I confess to surprise at the action of Dr Crowther in making the suggestion presumably with the assent of the council of the Royal Society, because it was the Royal Society which chiefly participated in the movement for the retention of the six historic monuments in old St David’s. It is difficult to discover any logical corollary in the action of the Royal Society two years ago and that emanating from Dr Crowther this month. I sincerely trust that permission will be refused for the removal of Collins’s tomb and monument unless similar action is taken relative to the six historic monuments now remaining in old St David’s.
In this connection I am at a loss to understand the action of the Very Reverend the Dean in asking for the Church possession of Governor Collins and ignoring the high church dignitary, Arch deacon Hutchins whose remains are also counted among the historic six of old St David’s. The preference to Collins in this connection is so extraordinary as to leave me to wonder if, to use a colloquialism, “all the cards are on the table.”
Mercury (Hobart, Tas. : 1860 - 1954), Thursday 31 March 1927, page 7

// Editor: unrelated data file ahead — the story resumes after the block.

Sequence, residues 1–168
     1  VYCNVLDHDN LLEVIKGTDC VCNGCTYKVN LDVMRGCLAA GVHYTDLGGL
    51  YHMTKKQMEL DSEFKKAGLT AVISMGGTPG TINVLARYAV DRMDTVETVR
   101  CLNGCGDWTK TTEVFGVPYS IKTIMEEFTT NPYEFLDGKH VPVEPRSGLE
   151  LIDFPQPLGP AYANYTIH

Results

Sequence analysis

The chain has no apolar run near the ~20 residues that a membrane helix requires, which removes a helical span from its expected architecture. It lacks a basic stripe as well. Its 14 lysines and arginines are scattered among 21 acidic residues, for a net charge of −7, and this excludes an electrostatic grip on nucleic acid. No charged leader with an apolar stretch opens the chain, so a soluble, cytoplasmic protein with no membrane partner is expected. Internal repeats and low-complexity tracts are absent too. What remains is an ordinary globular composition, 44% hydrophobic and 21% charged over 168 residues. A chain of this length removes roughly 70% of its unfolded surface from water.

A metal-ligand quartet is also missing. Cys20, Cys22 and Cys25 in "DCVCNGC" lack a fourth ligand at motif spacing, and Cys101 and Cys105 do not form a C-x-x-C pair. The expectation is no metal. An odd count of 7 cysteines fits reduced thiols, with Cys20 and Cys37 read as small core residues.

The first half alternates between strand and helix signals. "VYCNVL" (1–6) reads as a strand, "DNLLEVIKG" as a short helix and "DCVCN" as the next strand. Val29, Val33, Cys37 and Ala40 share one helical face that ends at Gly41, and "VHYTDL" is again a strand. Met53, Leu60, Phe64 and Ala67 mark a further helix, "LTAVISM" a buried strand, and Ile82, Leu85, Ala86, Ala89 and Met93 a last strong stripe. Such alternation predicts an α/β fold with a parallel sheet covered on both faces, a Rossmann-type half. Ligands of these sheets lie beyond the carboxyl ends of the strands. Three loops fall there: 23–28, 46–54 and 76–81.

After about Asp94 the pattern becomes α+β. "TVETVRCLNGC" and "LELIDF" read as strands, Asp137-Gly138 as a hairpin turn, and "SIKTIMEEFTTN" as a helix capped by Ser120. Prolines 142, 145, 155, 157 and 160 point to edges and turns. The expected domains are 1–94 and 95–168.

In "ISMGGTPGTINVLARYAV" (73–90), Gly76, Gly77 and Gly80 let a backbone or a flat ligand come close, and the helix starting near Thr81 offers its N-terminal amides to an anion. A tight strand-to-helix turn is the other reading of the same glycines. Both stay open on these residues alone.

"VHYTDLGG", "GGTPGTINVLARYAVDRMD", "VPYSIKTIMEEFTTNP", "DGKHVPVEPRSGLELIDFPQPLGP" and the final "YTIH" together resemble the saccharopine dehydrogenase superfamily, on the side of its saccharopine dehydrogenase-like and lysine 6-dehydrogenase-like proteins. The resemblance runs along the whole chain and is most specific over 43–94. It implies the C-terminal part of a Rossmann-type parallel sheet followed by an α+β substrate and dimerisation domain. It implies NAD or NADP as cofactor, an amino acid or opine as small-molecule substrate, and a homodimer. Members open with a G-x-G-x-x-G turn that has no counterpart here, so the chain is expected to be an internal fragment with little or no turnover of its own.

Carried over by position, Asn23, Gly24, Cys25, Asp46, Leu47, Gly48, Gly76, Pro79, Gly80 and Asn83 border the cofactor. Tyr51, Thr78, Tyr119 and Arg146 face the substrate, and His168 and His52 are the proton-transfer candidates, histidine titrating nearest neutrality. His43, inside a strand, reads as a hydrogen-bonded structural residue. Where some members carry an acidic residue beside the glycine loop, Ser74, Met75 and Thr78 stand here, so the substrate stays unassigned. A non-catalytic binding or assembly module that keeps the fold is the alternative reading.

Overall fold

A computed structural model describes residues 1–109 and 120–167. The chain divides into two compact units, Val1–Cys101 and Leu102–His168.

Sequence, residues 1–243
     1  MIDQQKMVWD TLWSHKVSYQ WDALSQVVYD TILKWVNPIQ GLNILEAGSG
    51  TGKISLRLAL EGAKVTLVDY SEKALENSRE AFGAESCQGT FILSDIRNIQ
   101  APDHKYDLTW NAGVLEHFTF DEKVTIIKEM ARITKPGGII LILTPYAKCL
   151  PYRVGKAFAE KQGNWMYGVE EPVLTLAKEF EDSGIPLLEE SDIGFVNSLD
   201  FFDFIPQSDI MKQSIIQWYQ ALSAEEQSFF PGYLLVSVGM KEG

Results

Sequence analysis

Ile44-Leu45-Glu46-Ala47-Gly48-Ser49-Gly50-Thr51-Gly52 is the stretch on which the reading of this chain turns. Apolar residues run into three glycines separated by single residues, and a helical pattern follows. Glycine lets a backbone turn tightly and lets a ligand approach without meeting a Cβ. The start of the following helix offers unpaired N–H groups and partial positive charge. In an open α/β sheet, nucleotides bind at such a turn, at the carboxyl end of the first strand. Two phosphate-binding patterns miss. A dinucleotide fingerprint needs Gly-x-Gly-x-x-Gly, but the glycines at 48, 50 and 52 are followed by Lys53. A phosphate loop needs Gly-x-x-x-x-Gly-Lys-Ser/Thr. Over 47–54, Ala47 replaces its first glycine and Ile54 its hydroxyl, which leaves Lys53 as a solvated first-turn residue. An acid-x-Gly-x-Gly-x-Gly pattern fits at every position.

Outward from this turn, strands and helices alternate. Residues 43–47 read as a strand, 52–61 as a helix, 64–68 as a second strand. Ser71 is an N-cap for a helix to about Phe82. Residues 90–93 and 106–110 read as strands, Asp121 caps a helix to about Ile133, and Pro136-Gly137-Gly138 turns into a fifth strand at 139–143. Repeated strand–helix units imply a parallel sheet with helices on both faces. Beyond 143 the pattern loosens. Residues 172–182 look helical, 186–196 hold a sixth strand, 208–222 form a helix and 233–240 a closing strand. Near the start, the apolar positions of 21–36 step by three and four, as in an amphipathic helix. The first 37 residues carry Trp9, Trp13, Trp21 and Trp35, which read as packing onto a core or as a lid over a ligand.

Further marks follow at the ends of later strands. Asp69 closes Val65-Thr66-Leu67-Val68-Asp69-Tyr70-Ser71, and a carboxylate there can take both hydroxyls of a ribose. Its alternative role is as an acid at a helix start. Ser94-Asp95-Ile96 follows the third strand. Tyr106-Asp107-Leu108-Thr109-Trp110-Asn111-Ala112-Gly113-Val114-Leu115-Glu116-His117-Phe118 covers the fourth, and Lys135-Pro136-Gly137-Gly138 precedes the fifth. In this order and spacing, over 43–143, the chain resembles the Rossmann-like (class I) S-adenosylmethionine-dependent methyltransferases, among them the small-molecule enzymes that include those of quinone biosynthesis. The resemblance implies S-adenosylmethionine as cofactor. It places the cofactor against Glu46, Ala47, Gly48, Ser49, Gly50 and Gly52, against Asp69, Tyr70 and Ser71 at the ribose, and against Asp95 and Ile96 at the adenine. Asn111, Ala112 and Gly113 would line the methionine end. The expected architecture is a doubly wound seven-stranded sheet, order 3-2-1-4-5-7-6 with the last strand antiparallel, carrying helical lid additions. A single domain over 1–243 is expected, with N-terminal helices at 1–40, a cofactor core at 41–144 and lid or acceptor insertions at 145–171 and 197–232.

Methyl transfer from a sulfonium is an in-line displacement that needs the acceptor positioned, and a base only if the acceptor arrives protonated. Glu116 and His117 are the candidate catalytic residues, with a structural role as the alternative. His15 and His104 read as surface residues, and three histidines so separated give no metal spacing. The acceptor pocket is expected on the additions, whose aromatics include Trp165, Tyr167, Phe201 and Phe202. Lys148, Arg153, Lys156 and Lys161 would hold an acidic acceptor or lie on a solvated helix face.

A HOBART ENTERPRISE ST. DAVID’S-PARK.
Until a few years ago (writes “J.W.D.” In the “Sydney Morning Herald”) one of the few unsightly spots of Hobart was the old cemetery of St. David’s Church of England. The original St. David’s was destroyed many years ago by fire, but the cathedral in Murray-street carries on the name of its forebear. This old cemetery has now been changed from a shunned and dilapidated home of the dead to a well-patronised park, covered with a fine carpet of lawn, and possessing well-kept mower beds.
Those responsible for this rapid metamorphosis have evidently had in mind the travelling and tourist season, as well as having more than a sneaking regard for antiques. Whoever heard of a municipal council collecting headstones? But here it has been done. Most of the park on one side is a stone fence, and on the inside of this and all other sides the headstones have been re-erected so that he who walks may read. As one reads these epitaphs one cannot help feeling the definite link-between our day and the Infant days of our colonies.